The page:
How to Try Your Best at Anything

Опубликовал Admin
22-07-2021, 08:30
“Just do your best!” How many times have you heard that piece of advice? As simple as it sounds, many of us don’t consistently put all our effort into the things we do. But although it’s possible to scrape by at school and work doing the bare minimum, real success comes only from challenging yourself to do the best you can. If you want to start trying your hardest in life, setting goals is a good way to begin. Once you’ve defined your goals, work on staying disciplined and overcoming setbacks.

Setting Goals

  1. Think about what you want to achieve and why. Choose goals that are meaningful to you. Imagine how your life will be different after you attain them.
    • Sometimes you may have to set a goal that doesn’t appeal to you much, like getting a good grade in a class you don’t want to take. In a case like this, focus on how the outcome will improve your life.
    • In this case, reasons like "I will feel a sense of accomplishment" or "I will keep my GPA up" might help boost your motivation.
  2. Choose your projects carefully. To make the most of your energy and motivation, choose just a few projects that matter to you. Don’t try to work on too many things at once. If you spread yourself too thin, you’ll have a harder time giving anything 100 percent of your effort.
    • Try to focus on no more than three goals at a time.
  3. Know what you’re capable of. Doing your best is about pushing your own limits, not trying to measure up to someone else’s achievements. Be honest with yourself about where your abilities are right now. Set goals that make sense for your current skill level.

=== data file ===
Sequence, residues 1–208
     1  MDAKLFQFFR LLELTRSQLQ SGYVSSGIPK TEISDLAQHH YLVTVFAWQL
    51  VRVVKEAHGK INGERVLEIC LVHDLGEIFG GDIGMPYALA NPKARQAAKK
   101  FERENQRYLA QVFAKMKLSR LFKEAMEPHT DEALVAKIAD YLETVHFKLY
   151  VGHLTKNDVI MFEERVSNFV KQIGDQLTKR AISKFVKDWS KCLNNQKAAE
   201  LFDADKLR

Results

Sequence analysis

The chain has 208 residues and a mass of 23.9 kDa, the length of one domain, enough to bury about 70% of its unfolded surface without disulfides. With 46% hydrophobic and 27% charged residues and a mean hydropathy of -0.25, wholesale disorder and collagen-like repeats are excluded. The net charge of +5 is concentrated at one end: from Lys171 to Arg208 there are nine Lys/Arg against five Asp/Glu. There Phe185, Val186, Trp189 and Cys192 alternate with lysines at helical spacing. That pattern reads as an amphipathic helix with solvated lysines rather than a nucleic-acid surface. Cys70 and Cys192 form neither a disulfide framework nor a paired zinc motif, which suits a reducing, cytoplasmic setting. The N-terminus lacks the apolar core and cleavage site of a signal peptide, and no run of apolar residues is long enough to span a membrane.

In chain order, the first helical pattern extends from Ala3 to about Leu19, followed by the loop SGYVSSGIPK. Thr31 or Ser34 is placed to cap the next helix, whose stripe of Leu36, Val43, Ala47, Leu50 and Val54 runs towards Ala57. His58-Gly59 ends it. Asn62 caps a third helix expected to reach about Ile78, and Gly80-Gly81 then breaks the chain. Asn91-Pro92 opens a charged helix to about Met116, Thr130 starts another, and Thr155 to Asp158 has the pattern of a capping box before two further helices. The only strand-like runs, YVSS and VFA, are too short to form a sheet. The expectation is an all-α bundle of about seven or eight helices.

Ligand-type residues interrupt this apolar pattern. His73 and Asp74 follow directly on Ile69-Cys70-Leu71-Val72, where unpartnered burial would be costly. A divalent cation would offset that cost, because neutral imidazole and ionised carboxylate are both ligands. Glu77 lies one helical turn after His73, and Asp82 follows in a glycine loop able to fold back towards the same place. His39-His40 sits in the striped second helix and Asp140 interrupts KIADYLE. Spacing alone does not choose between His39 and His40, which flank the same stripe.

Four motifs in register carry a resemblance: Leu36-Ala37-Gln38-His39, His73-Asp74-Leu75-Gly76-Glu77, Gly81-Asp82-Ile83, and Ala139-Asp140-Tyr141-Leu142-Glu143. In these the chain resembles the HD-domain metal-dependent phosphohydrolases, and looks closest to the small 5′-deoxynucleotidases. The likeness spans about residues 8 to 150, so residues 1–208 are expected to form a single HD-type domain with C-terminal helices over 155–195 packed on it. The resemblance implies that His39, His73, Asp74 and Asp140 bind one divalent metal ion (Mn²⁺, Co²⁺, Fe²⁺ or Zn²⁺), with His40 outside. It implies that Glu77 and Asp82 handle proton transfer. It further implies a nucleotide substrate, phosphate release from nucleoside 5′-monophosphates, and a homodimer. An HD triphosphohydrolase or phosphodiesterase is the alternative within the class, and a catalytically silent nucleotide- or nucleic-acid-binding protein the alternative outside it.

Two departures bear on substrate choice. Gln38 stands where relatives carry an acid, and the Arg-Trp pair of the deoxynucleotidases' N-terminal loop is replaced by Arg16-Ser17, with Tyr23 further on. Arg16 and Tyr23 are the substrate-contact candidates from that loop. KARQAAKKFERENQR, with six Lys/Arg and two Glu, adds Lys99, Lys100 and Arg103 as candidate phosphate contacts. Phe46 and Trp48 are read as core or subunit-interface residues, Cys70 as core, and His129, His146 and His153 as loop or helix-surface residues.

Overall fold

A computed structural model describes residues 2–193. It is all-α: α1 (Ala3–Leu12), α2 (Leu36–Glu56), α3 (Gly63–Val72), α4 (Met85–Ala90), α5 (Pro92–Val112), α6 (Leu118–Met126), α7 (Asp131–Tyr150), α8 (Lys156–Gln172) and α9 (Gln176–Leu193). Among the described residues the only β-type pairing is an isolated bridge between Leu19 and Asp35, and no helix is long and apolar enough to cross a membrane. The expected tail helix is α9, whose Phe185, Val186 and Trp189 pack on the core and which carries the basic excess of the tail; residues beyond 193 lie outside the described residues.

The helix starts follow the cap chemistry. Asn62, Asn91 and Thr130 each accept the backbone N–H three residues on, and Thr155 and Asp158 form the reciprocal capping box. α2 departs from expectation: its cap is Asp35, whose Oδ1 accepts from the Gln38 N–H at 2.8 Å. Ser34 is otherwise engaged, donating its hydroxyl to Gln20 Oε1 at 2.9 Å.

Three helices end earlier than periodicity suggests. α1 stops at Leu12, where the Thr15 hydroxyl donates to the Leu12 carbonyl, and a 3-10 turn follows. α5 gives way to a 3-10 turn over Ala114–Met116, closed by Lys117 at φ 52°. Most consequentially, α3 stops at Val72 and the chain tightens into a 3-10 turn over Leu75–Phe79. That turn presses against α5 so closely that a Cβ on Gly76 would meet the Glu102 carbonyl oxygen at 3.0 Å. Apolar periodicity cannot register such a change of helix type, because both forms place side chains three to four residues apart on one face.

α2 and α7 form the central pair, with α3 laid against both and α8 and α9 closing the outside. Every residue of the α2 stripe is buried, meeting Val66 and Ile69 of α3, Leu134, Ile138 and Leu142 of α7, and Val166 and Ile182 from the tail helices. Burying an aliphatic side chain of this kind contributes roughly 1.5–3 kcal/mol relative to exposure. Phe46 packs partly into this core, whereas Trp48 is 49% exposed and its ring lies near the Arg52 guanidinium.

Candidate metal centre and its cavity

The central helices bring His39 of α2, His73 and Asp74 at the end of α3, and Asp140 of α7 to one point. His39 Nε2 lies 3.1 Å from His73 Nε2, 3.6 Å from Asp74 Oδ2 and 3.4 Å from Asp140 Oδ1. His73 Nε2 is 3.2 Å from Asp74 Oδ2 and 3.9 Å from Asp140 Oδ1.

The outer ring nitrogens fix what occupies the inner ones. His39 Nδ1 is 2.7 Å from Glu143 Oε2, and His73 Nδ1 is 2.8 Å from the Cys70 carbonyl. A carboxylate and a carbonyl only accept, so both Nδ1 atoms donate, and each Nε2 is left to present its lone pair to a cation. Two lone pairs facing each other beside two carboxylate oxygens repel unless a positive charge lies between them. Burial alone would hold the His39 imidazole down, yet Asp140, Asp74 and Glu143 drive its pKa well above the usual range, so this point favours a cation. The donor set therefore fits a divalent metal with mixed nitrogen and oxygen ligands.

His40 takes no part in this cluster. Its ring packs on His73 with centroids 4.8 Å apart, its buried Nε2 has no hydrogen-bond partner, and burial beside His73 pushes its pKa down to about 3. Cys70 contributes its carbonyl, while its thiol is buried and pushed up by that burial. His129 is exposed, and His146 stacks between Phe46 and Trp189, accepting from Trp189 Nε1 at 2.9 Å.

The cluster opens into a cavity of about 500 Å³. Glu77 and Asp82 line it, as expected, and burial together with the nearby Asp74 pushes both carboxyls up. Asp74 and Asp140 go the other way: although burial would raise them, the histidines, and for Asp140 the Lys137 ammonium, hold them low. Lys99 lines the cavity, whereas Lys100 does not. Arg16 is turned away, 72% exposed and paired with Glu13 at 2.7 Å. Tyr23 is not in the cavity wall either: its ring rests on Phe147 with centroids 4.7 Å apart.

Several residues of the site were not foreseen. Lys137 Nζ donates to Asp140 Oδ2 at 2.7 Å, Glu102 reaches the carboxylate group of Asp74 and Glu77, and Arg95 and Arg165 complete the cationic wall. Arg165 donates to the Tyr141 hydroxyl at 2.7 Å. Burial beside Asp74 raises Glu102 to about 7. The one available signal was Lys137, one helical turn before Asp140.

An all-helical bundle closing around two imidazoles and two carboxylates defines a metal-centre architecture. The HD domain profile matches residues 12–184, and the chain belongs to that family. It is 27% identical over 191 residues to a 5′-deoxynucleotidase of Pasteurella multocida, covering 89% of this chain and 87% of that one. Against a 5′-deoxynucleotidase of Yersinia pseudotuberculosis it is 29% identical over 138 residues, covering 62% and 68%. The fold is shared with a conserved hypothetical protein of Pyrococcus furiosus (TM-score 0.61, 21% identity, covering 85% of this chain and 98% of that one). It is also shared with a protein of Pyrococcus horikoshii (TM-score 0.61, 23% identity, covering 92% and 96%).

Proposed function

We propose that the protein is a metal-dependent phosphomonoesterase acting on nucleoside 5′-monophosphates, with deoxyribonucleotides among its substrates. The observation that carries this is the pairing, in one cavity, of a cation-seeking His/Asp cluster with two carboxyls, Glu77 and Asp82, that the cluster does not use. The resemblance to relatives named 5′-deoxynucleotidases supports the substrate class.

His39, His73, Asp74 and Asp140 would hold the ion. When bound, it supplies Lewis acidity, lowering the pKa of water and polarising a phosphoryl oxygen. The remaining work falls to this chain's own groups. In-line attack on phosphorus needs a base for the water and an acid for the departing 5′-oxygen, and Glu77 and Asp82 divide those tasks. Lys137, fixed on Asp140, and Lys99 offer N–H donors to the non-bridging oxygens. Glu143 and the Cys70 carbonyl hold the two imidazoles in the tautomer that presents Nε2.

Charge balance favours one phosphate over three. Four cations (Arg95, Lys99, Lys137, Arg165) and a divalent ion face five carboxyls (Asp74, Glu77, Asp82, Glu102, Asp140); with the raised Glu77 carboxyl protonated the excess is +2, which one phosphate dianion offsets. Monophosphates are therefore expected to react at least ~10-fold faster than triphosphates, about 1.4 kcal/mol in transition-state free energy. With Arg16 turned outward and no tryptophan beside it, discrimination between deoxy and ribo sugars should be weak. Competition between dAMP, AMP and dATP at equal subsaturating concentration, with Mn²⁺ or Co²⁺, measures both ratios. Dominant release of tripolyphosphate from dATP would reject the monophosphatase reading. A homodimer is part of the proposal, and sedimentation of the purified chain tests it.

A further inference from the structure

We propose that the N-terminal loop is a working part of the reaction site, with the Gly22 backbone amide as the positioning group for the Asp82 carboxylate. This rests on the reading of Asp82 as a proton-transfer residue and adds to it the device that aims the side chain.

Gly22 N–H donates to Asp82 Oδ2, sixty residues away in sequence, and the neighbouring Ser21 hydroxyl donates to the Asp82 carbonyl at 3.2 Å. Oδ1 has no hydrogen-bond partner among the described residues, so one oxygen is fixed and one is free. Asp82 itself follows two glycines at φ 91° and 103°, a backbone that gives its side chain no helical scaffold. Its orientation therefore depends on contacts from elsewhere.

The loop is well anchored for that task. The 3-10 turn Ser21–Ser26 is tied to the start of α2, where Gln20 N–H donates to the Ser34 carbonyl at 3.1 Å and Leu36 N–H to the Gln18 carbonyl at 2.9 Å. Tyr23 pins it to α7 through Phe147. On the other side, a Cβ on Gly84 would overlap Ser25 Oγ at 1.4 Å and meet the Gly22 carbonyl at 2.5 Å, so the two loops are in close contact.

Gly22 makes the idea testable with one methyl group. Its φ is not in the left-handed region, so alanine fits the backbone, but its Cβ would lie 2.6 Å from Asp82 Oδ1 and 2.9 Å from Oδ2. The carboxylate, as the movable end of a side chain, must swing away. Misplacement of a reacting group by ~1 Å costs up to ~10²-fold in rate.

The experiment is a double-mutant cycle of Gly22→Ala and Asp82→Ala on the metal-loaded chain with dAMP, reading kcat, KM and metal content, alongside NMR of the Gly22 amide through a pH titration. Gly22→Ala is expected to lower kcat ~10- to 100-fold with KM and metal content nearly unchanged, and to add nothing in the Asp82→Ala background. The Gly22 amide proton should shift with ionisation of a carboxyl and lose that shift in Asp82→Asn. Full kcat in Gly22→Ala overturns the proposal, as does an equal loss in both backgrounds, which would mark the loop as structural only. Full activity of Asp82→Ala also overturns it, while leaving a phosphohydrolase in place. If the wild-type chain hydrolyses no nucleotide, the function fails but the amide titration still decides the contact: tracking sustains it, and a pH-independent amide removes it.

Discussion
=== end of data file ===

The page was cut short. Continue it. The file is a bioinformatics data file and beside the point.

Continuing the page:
• For instance, if you’re new to running, don’t expect yourself to be able to run a six-minute mile right away. A better first goal would be to run a mile in under 10 minutes.
  4. Adopt a growth mindset. Believe in your ability to work hard and build your skills, even if that means making mistakes sometimes. Commit to challenging yourself as you work towards your goals.
    • The opposite of a growth mindset is a fixed mindset. Someone with a fixed mindset views their skills and abilities as inborn traits they can’t control or improve.
  5. Break down your goals. Turn each goal into a series of smaller goals. Then make a list of action steps you need to take to achieve each small goal. To keep yourself motivated, create daily or weekly milestones to work towards.
    • For example, if your overall goal is to learn a new language, you might break the goal down into steps like mastering basic greetings, comprehending the spoken language, and speaking fluently. Each of these smaller goals will have steps within that you must complete.

Staying Disciplined

  1. Create habits. It’s easier to do your best work when you do something regularly – preferably every day. Make working towards your goals part of your everyday routine. Think of doing your best as a new lifestyle, not something you do separately from your “ordinary” life.
    • For instance, if you’re working towards a degree, make some time to study every day, not just when you have an exam coming up.
  2. Avoid multitasking. Multitasking prevents you from focusing deeply on anything. Work on one thing at a time, and give it your full attention.
    • Do your best to block out distractions. Go somewhere quiet to work, or wear noise-canceling headphones to discourage people from talking to you.
  3. Avoid procrastinating. Use to-do lists and time-bound goals to stay on track. If you still struggle with getting things done on time, make yourself accountable to someone else for some added motivation.